Spying is a form of censorship; what are we protecting?
By Paul K. McMasters
The first federal court decision to address the legality of warrantless eavesdropping on the telephone and Internet conversations of U.S. citizens caused quite a stir when it was handed down Aug. 17.
In that case, ACLU v. National Security Agency, U.S. District Judge Anna Diggs Taylor of the Eastern Michigan District said that the Terrorism Surveillance Program violated the First and Fourth amendments to the Constitution, ran afoul of the Foreign Intelligence Surveillance Act of 1978, didn't rise to a state-secrets privilege in one important aspect, and strayed beyond the bounds of the president's authority under the separation-of-powers and inherent-powers doctrines.
Defenders of the surveillance program said the judge was wrong in her conclusions, that her reasoning was weak, that the ruling was bound to be overturned by higher courts and that, besides, she is a liberal.
The opinion has critics from both sides. Howard J. Bashman, who maintains the authoritative legal weblog "How Appealing," told The New York Times: "It does appear that folks on all sides of the spectrum, both those who support it and those who oppose, say the decision is not strongly grounded in legal authority."
The question of whether the decision will survive the appeals process aside, there are a number of similar clashes between national security and personal liberties showing up on court dockets across the nation.
In Maine on Monday, federal prosecutors went to court to keep state utility regulators and Verizon from revealing information about whether the company violated laws protecting customer calling data and other confidential records by participating in the NSA's domestic-surveillance program. The U.S. Justice Department has filed similar suits in Missouri and New Jersey.
Last month, a federal judge in California turned back the government's efforts to invoke the state-secrets privilege to dismiss a lawsuit in which the Electronic Frontier Foundation charged that AT&T was cooperating with the NSA in spying on the domestic and international communications of Americans.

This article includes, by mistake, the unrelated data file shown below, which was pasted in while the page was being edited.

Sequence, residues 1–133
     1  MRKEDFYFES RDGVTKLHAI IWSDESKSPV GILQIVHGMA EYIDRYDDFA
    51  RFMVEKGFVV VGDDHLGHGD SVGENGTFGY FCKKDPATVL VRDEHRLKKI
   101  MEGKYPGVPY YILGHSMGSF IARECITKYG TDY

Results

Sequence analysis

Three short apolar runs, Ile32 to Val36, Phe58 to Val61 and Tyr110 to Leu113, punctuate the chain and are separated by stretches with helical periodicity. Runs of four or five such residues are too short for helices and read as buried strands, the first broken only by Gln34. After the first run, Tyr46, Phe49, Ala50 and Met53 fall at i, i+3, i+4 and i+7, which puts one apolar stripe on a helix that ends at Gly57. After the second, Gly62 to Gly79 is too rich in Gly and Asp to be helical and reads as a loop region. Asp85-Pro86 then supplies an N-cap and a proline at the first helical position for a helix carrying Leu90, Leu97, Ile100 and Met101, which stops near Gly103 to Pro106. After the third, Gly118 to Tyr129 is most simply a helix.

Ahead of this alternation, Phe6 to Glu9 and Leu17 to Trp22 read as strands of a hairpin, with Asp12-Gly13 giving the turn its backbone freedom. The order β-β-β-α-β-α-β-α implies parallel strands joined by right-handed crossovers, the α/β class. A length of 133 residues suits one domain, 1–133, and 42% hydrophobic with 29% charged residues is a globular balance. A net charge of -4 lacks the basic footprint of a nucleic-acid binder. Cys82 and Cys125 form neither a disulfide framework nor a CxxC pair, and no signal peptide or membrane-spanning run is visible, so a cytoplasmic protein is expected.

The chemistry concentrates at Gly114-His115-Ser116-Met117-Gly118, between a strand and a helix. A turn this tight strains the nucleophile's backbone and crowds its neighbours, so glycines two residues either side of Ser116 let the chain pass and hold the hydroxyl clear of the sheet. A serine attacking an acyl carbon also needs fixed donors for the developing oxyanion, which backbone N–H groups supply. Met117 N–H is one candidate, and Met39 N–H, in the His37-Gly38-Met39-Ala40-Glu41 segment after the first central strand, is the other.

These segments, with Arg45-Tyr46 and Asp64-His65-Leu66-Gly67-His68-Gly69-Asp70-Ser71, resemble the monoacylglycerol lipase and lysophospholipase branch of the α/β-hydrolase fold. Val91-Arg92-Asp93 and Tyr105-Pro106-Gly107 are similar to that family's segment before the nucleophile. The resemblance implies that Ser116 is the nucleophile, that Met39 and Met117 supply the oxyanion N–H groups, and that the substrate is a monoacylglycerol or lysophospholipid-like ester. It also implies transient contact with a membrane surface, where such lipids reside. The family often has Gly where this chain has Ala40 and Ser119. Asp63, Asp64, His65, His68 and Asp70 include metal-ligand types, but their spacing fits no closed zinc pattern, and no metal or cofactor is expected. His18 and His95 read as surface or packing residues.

In all, more than 17 class-action lawsuits from 13 different federal court districts alleging telecommunications companies' complicity in government eavesdropping on private communications have been consolidated in the court of U.S. District Judge Vaughn Walker in San Francisco.
These important cases pit the federal government and telecommunications companies against civil liberties and privacy organizations. All parties insist they are acting in the best interests of the nation and its citizens.
The ultimate stakeholders: millions of U.S. citizens whose telephone and Internet conversations could wind up in an impersonal government database or in the cross-hairs of anti-terrorism investigators.
Although the ACLU v. NSA decision may not have a direct impact on the other cases, it does raise the essential issue of how best to reconcile the needs of protecting national security and individual freedoms.
The First Amendment is invoked in most of these legal battles.
In the ACLU case, three groups of citizens — lawyers, journalists and scholars — claimed that the warrantless eavesdropping program injured their freedom of speech and association because they "conducted regular international telephone and Internet communications for various uncontestedly legitimate reasons including journalism, the practice of law, and scholarship."
Judge Taylor noted in her opinion that "the court need not speculate upon the kind of activity the plaintiffs want to engage in — they want to engage in conversations with individuals abroad without fear that their First Amendment rights are being infringed upon."
Those rights always are at risk when government spying programs are formulated without careful attention to balancing the good done for security against the harm done to liberty.
Unfortunately, these needs often are lost in partisan arguments that lay out the issue simplistically as a battle between those who are for security and don't care about freedom and those who care only about freedom and not about security.
That presents a false choice, as if there were no ways to develop policies and programs that resolve the conflict between potential harm to our security and the potential damage to our rights.
To approach the problem any other way is to create an environment in which citizens fear their government instead of or in addition to their enemies.
If security trumps freedom, then the question arises as to just what it is that we are protecting. Freedom of speech, even dissent, is not just at the core of our freedom, it is an essential component of security.
Ordinary citizens as well as their leaders should never forget that all Americans should feel secure in their right to speak freely and engage in other First Amendment-protected activities without self-censoring their opinions, curtailing their associations or looking over their shoulders.
Interestingly, the final words of Judge Taylor's ruling are from Supreme Court Justice Earl Warren's 1967 opinion in U.S. v. Robel: "Implicit in the term 'national defense' is the notion of defending those values and ideas which set this Nation apart. ... It would indeed be ironic if, in the name of national defense, we would sanction the subversion of ... those liberties."
Paul K. McMasters is First Amendment ombudsman at the First Amendment Center in Arlington, Va.